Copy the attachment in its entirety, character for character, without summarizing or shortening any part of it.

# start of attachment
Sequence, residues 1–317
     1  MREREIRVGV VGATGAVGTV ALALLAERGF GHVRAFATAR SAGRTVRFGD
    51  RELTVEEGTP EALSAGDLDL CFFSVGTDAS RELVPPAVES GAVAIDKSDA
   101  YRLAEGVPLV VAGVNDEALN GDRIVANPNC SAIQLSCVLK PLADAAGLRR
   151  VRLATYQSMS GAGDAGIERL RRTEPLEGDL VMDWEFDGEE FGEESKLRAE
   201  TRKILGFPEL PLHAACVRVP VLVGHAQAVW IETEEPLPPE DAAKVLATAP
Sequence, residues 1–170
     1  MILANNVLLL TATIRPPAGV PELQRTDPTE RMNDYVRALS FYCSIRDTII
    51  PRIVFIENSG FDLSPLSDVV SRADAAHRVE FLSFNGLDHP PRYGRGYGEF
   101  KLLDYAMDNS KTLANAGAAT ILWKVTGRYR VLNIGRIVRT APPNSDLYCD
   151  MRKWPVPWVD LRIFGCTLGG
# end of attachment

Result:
Sequence, residues 1–317
     1  MREREIRVGV VGATGAVGTV ALALLAERGF GHVRAFATAR SAGRTVRFGD
    51  RELTVEEGTP EALSAGDLDL CFFSVGTDAS RELVPPAVES GAVAIDKSDA
   101  YRLAEGVPLV VAGVNDEALN GDRIVANPNC SAIQLSCVLK PLADAAGLRR
   151  VRLATYQSMS GAGDAGIERL RRTEPLEGDL VMDWEFDGEE FGEESKLRAE
   201  TRKILGFPEL PLHAACVRVP VLVGHAQAVW IETEEPLPPE DAAKVLATAP
Sequence, residues 1–170
     1  MILANNVLLL TATIRPPAGV PELQRTDPTE RMNDYVRALS FYCSIRDTII
    51  PRIVFIENSG FDLSPLSDVV SRADAAHRVE FLSFNGLDHP PRYGRGYGEF
   101  KLLDYAMDNS KTLANAGAAT ILWKVTGRYR VLNIGRIVRT APPNSDLYCD
   151  MRKWPVPWVD LRIFGCTLGG